Inertia and enjoyment also play important roles in this.

This was particularly evident during the period when I was locked at home for nearly 50 days due to the pandemic in May and June. During that time, my mental state was not good, and I was fully immersed in work. In the gaps between meetings or tasks, I was constantly learning additional things and started writing blog posts again. It seemed like I wanted to exhaust all my energy in the extremely limited time. Even now, I still benefit from the habits, decisions, and cultivation I developed during that period. However, during the period in July and August when the project ended and I had some free time, even though I followed my plans and did some things, I couldn't find the same sense of immersion.

Later, I realized that it depends on how we perceive these things. Learning or relaxing during busy work is an additional state of escape from the heavy and repetitive daily routine. It's easier to feel the joy in these moments, and it doesn't require much adjustment or preparation. It's also easier to switch based on the momentum of work. However, when we have free time that we can control, we have to treat it as a task and allocate time for it, which has a higher cost and more resistance.

So now, even in the limited time I have after work on weekdays, I try to allocate some time for side projects or learning. On weekends, I hope to fully engage in outdoor activities or indulge in books, movies, TV shows, or games. It seems like a good way to divide my state and I will explore it.


This section will record my inputs and outputs, as well as other interesting things I come across.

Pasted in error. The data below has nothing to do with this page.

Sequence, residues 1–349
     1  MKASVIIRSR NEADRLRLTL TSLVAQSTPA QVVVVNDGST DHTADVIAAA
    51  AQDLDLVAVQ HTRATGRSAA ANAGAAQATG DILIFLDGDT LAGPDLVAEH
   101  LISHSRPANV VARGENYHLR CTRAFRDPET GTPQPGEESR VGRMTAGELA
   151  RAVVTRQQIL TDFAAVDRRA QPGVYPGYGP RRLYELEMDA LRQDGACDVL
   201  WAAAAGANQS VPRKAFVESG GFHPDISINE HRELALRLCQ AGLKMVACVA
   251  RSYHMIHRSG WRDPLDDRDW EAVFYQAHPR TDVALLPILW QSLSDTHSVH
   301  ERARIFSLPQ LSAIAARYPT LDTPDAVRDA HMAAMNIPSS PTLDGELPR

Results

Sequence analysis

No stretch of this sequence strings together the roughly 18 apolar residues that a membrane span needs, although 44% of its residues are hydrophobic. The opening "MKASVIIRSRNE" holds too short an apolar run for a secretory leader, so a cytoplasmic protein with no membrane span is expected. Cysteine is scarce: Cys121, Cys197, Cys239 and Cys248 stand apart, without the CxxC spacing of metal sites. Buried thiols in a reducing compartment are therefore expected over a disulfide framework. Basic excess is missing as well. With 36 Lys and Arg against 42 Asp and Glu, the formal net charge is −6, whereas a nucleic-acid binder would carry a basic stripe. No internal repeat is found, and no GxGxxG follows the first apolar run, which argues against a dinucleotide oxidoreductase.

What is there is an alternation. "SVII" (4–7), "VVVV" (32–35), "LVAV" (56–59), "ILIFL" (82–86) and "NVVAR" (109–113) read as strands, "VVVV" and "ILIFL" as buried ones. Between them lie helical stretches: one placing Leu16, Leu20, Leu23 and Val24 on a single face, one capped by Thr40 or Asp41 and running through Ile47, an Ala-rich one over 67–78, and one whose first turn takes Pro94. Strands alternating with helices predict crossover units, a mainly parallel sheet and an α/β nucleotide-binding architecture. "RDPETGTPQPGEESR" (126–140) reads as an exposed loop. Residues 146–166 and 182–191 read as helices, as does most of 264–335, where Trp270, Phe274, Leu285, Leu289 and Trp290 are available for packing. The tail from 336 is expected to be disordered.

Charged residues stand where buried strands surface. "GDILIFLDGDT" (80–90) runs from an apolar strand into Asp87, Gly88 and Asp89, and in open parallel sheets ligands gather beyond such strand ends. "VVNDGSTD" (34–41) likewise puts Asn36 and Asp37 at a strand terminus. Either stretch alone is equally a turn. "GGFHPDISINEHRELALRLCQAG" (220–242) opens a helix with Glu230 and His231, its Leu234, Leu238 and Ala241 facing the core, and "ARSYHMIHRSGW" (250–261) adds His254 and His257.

• The Details of Rule of Law: I have watched some videos by Luo Xiang and read his book "Circle of Justice." I feel that instead of being "awake," Luo Xiang maintains a sense of "awe" and "humility" towards everything. On top of that, even though I feel like I can never achieve it, unable to draw a perfect circle, I am always in pursuit. I have gained a lot from it. The part about reading classics was challenging for me. I have read it several times but still struggle to digest it. The theme of "freedom, equality, and love" is so grand, yet Luo Xiang can explain it so eloquently. It seems that I need more accumulation.
  • A Bullet for You: Currently reading. I really like Liu Yu's speaking style.


  • Fork It - #22 - PoW vs PoS: With the occurrence of "The Merge," this topic has become popular again. This episode provides a good conceptual exploration and is worth listening to and taking notes repeatedly.
  • Fork It - #23 - Is PoS a Lie?: It took me three days of commuting to finish listening to this episode. There were a few concepts that I had to repeatedly listen to for clarification, and I discovered many gaps in my understanding. I plan to study BTC Study to fill in the gaps.
  • TechCrunch: Have You Been Scammed by Sheep?: This is a recent phenomenon in the gaming industry, but I'm not particularly interested. I listened to this episode to learn more about it. It's short, but it's an interesting topic for popular science.


  • Spring is Not the Time for Reading: At first, I thought the male lead was a bit too eccentric, but as the story progressed, I realized that this is a way of life without limits, and it's so joyful. I watched it back-to-back with "The Breakfast Club," and it awakened my rebellious spirit.
  • The Sandpiper: I've been working overtime a lot recently, and I remembered some animated short films that have been on my list for a long time. They are surprisingly healing.
  • Dallas Buyers Club: The portrayal of despair and suffocation in the film is so detailed. The sound effects of tinnitus and the claustrophobic visuals create a strong sense of immersion. I saw a cowboy's attitude towards life, seemingly tired of everything but genuinely loving life. He seems indifferent to others but willing to give his wholehearted support. It's so cool. Also, although there isn't much romance in the film, the eye contact and expressions between the male lead and the female lead in the second half are very memorable. They are well-matched.